In 2010 the chimney was shown on Astro TV, on the History channel, in a series called Hidden Cities.The presenter, Anthony Morse, went to see the chimney. He was told the chimney was used by the Japanese to manufacture carbide for bombs. The heat from the fire melted the carbide - this is technically incorrect. There was a Japanese arms factory. The Japs lived in a building by the river, it was on 2 levels and had reinforced concrete. It was 30 x 40 m and was probably the Japanese Imperial Forces HQ, from which they could monitor the tin mines.


Ipoh World blog had an interesting piece about this Japanese carbide factory, posted on 13 June.

© Liz Price
No reproduction without permission

Thursday, February 14, 2008

Batu Arang chimneys, Selangor

                                                   Chimneys of the brick kilns

Arang batu means coal. Batu Arang is an old coal mining town in north Selangor. The coal mine was established around 1910. Mining stopped in the 1950's and the town lost its former glory. During The Emergency the town was a base for the communist anti-British forces.

Many of the Chinese miners still live here, but now the town is more multi-ethnic. In recent years the area was threatened by severe erosion due to dropping water tables as a result of the coal mining.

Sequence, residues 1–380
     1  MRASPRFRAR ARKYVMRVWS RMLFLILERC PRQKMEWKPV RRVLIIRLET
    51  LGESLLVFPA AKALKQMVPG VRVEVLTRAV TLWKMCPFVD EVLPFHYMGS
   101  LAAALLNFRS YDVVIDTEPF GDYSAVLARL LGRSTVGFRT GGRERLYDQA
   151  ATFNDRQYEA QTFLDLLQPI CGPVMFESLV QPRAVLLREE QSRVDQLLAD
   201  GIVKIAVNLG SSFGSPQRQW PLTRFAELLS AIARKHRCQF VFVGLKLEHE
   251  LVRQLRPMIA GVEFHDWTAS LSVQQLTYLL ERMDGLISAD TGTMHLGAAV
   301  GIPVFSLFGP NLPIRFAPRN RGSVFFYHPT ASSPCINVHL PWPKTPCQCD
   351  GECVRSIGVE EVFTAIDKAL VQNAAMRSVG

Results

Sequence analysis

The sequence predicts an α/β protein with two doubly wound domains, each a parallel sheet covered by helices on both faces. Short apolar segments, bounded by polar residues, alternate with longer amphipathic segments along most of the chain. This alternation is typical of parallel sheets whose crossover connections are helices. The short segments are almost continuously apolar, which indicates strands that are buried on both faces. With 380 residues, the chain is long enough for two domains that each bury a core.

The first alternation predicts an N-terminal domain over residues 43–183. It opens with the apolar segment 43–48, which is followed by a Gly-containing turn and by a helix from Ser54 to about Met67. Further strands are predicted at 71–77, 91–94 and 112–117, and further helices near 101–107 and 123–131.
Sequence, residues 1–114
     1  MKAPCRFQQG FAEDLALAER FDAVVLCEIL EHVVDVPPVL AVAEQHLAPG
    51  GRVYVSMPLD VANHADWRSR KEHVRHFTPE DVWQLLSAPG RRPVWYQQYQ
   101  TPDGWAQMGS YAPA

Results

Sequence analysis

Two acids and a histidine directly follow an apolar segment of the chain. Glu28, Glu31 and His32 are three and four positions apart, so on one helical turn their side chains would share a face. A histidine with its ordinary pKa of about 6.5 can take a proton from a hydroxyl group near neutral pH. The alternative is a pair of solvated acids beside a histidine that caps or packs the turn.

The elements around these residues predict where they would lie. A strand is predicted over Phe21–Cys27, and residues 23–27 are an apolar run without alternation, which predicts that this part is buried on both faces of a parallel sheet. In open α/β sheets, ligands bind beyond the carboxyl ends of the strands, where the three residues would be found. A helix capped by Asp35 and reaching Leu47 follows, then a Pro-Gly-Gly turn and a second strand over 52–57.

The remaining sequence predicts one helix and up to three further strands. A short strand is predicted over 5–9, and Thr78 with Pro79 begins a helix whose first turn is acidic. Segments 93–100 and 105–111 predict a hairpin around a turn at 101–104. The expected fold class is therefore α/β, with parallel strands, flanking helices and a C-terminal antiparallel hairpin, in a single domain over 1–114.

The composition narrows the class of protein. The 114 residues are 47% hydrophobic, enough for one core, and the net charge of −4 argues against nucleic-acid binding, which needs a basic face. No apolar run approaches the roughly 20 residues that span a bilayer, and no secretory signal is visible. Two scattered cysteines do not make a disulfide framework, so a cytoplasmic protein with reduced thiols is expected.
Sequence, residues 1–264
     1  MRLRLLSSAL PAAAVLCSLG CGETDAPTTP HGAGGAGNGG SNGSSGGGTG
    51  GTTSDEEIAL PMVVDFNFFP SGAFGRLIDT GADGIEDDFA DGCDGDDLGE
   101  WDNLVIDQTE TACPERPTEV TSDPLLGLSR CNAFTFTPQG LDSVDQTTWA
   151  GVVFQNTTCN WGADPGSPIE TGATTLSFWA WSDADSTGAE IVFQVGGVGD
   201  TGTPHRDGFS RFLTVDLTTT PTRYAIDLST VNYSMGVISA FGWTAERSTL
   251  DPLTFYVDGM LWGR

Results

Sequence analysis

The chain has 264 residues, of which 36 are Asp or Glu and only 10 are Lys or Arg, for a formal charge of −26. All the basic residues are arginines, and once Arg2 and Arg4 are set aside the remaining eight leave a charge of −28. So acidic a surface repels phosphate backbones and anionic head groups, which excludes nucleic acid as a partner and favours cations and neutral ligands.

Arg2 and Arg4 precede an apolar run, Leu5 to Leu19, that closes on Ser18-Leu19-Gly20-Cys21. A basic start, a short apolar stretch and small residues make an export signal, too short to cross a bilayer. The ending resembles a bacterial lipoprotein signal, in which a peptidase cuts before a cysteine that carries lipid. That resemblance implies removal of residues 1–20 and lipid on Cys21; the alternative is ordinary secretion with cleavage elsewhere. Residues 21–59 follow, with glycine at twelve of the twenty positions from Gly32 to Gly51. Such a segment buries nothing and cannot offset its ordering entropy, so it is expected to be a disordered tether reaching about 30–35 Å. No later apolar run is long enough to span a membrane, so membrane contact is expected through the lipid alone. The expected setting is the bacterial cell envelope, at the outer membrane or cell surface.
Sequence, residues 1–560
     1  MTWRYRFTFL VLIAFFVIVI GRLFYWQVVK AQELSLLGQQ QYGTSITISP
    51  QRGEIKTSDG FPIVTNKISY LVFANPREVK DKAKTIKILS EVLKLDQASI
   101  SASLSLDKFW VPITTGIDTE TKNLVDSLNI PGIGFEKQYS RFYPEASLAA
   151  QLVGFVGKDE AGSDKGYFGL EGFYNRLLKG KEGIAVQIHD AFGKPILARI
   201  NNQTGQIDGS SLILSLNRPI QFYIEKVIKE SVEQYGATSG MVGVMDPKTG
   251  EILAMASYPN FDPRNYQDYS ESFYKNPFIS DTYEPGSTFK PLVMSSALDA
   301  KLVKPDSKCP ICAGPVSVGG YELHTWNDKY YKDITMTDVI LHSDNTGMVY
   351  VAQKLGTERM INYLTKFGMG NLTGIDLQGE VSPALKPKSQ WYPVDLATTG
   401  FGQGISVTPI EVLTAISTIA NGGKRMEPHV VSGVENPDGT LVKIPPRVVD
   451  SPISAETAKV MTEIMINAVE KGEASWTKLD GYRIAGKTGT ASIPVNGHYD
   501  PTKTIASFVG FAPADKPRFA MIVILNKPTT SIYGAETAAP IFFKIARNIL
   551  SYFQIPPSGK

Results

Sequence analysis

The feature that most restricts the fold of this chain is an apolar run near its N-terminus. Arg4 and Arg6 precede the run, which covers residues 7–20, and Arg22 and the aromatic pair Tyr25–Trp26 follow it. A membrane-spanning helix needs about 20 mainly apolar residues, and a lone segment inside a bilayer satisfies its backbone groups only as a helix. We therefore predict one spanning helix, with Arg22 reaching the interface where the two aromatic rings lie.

Today there is little sign of where the coal was mined. The mines are apparently now flooded and are under the lakes. However another industry here was brick making, and although this closed down around 2002, the chimneys of the brick kilns still exist.

See also Batu Arang community hall and Batu Arang blog.
I've copied this page from New Straits Times as it is interesting, but no longer available on their www.

Sleepy Hollow With a Rich Mining Legacy
By Ranjeetha Pakiam

THE sleepy town of Batu Arang will be 100 years old in a few years. Looking at it today, it's hard to imagine it was once a thriving, rich coal mining town where thousands lived and worked, writes RANJEETHA PAKIAM.

During its heyday in the 1930s and 1940s, Batu Arang was a large bustling town, second only in size and population to Kuala Lumpur in Selangor.